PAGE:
The example that Waitzkin uses is the tendency amongst new chess players to learn fixed combinations of opening moves (moves performed at the start of a game). These moves can be incredibly effective when performed against weaker opponents but against better opponents (who are able to see what you are trying to do), they will be easily countered. Once countered, the new chess player is taken outside of their comfort zone – they’re great at opening moves, but they don’t understand the fundamentals of chess!


My experience

This idea was very familiar to me – I had taken an approach to learning poker that was very similar to learning fixed opening combinations in chess.

I understood isolated pockets of strategy in great detail (often intuitively) but I hadn’t examined all of the moving parts. When taken outside of my comfort zone, I often faltered.

Returning to the fundamentals and examining the moving parts in detail immediately improved my game and re-ignited my love for the game. When you learn something from the fundamentals upward it’s almost as though it starts to become part of you – intuition mixes with conscious thought and everything starts to make sense.


A bodybuilder, wearing a Superman tank top, using a set of cables in a gym

3. Perform repetitions

As mentioned above, development of expertise can be visualised as creating layers of knowledge.

Once these layers of knowledge are in place, they must be navigated in an efficient manner. Some decisions will require information from multiple layers, with the information being located and combined into the correct answer.

Waitzkin describes the process of recalling knowledge as navigating a network — each piece of knowledge in our layered mountain of expertise is connected to many other pieces of knowledge. These connections are the way that different parts of the brain communicate – there are ‘neural pathways’ between related pieces of information. We want these pathways to be travelled efficiently, allowing us to travel between each layer of knowledge and come to the correct answer.


Clearing the jungle

The pathways are dense to begin with, meaning it takes a long time to travel along them – Waitzkin compares them to a jungle. Clearing a path through the dense foliage is possible through repeated repetitionsof the decision. Perhaps you even clear enough of a path to make a road, meaning you can drive through the jungle and cover the distance even more quickly.

With each additional repetition you carve the neural pathways more and more. Your brain navigates instantly between your layers of knowledge and you can make complex decisions incredibly quickly.



‘Clearing a path’ isn’t just a useful way to visualise this concept – it really represents the way that our brains work.

Our brains develop and reorganise throughout our lives through a process called neuroplasticity. In addition to allowing us to grow new brain cells, this process allows us to create new neural pathways. When neurons activate at the same time (such as during a decision), the pathways between them are strengthened – the more repetitions, the greater the strength. This happens through a process called myelination, described in more detail by Daniel Coyle in his book The Talent Code (which I’d definitely recommend reading if you enjoy The Art of Learning).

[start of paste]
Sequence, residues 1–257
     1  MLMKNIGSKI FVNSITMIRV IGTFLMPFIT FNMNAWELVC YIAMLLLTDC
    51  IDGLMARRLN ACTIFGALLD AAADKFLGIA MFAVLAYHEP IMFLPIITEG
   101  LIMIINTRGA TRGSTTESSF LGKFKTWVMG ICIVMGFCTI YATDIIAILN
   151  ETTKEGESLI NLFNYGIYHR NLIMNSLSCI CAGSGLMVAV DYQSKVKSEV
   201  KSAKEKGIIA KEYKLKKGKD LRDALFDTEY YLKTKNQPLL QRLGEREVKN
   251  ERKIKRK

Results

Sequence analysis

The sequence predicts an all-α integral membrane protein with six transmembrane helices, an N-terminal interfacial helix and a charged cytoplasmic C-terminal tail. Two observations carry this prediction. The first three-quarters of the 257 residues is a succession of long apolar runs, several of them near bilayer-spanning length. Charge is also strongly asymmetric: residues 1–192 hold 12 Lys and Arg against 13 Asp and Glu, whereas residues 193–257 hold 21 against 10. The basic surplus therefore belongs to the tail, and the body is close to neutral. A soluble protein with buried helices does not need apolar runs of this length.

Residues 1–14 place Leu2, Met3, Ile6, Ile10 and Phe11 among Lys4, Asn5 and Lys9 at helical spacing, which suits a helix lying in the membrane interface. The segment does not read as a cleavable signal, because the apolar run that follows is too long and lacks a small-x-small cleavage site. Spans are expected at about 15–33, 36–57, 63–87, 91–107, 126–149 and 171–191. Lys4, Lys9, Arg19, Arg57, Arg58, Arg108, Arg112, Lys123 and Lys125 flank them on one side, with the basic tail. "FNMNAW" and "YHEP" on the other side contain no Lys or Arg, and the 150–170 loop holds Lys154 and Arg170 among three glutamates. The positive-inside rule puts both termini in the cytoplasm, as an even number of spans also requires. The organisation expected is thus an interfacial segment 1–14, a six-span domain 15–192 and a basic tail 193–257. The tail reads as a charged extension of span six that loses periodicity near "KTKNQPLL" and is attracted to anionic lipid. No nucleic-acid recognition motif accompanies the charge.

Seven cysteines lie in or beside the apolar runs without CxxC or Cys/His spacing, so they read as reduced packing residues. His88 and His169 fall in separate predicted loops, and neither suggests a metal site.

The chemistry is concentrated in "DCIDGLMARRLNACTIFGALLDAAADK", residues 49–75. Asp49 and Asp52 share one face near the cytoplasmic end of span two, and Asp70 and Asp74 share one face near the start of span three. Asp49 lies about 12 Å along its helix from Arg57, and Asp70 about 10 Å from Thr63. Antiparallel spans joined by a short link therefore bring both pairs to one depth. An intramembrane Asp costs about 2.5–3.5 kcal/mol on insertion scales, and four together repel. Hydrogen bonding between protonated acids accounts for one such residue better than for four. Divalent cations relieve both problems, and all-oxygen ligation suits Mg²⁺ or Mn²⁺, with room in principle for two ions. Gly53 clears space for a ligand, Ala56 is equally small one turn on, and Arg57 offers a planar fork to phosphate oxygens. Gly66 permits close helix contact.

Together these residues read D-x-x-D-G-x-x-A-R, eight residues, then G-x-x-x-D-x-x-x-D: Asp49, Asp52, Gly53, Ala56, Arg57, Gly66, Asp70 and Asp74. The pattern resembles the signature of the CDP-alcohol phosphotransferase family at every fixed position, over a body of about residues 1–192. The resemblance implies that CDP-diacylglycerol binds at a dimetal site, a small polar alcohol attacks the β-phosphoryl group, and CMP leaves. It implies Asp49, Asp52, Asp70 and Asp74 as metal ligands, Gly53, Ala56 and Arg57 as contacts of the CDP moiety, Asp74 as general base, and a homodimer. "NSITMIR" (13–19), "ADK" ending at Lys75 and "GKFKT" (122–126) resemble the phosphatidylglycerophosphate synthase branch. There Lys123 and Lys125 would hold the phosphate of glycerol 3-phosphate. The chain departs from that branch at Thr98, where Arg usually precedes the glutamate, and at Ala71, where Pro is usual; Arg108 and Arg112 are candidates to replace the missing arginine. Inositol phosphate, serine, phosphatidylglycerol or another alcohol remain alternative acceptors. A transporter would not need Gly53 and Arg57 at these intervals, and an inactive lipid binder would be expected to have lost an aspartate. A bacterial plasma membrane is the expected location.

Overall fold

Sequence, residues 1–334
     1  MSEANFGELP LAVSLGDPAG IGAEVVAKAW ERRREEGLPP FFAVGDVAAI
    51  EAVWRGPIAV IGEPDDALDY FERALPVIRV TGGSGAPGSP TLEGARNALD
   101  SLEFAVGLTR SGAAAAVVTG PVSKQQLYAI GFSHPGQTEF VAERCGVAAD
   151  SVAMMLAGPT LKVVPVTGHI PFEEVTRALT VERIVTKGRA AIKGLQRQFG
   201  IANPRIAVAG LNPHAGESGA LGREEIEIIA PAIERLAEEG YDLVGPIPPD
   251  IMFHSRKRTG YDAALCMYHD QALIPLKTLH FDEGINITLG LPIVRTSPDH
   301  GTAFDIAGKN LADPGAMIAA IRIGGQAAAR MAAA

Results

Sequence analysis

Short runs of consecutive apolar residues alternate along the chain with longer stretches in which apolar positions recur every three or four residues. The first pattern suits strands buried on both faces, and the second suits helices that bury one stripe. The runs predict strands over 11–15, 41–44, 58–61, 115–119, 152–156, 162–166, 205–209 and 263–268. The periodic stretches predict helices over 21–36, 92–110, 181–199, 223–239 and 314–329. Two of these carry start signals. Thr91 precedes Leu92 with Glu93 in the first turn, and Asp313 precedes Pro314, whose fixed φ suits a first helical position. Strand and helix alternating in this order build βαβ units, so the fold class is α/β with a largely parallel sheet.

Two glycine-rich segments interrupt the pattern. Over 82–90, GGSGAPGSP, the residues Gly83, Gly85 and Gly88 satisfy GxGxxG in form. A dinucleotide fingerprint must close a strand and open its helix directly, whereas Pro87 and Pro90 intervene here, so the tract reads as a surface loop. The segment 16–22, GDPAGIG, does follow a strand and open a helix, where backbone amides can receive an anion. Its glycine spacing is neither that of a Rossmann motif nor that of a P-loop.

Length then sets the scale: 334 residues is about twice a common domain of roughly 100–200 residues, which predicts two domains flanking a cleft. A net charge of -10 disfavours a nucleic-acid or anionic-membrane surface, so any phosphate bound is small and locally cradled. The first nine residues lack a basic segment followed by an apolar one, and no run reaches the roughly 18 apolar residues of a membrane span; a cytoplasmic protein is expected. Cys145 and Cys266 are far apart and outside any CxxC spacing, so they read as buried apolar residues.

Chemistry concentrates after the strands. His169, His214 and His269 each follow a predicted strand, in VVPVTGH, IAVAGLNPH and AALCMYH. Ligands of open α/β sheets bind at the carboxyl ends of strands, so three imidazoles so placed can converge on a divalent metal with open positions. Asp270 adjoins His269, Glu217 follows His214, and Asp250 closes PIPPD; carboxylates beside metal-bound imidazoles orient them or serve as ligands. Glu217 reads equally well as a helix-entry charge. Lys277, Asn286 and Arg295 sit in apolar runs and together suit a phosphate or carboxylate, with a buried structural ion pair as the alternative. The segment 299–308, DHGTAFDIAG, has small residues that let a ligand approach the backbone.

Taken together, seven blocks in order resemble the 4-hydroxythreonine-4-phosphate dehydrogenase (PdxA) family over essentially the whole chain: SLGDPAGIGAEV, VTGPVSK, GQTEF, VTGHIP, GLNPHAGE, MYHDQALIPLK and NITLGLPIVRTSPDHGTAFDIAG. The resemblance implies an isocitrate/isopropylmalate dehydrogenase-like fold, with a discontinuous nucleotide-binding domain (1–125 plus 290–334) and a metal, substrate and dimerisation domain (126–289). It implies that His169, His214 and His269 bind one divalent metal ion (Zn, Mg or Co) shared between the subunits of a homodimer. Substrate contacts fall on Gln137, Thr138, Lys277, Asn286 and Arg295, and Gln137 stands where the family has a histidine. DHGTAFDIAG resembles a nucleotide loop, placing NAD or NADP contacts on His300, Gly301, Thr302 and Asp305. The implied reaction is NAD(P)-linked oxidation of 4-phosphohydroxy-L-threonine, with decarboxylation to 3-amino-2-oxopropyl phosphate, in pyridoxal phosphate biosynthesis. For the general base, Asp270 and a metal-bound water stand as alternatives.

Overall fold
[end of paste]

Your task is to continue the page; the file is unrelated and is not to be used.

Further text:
A covered pathway with orange walls and ceiling, with the path curving slightly as it reaches into the distance

4. Focus on depth, not breadth

Once the fundamentals are in place, one potential next step is to add as many new layers of knowledge as possible.

With each layer you become further displaced from the fundamentals and eventually become somewhat mysterious – your layers of knowledge are so far removed from the fundamentals that novices can’t even understand what you are talking about. It’s easy to think of being an expert as akin to being a mystic – you speak in mysterious terms, understood by few.


Master the basics

Waitzkin’s view of expertise, however, is quite different. He believes that ‘it is rarely a mysterious technique that drives us to the top, but rather a profound mastery of what may well be a basic skill set’.

He suggests that once the fundamentals are in place the focus should remain on depth of knowledge, rather than breadth. Instead of adding endless new layers of knowledge, add layers more gradually and focus on their quality. Continue to study the moving parts, developing intuition.

The reason for this focus on depth rather than breadth is the same as the reason for studying the fundamentals in detail. If you add too much too soon, you create knowledge that is fragile and limited – you are easily taken out of your comfort zone.


Running out of mental capacity

If too many layers of knowledge are added too soon, none of the layers will be learnt to a level of intuition. As previously mentioned, practising concepts to a level of intuition is incredibly important as it frees up mental capacity. With many layers of knowledge and no intuition, our brains can run out of capacity and grind to a halt.

This is something that I’ve experienced in poker. I originally studied every concept available, thinking that breadth of knowledge was the best route to expertise. I would try to consider every possible strategic factor when making a decision, a process which required massive mental capacity (because I hadn’t taken the time to practise my knowledge of these factors to an intuitive level). I quickly found myself grinding to a halt with many decisions, unable to navigate my dense neural pathways. Changing my focus from breadth to depth has helped immeasurably.


More Waitzkin

If you found this post interesting, I’d highly recommend reading The Art of Learning. If you’re intrigued but unsure about committing to a whole book, check out Josh Waitzkin’s first and second appearances on the Tim Ferriss podcast.


Also published on Medium.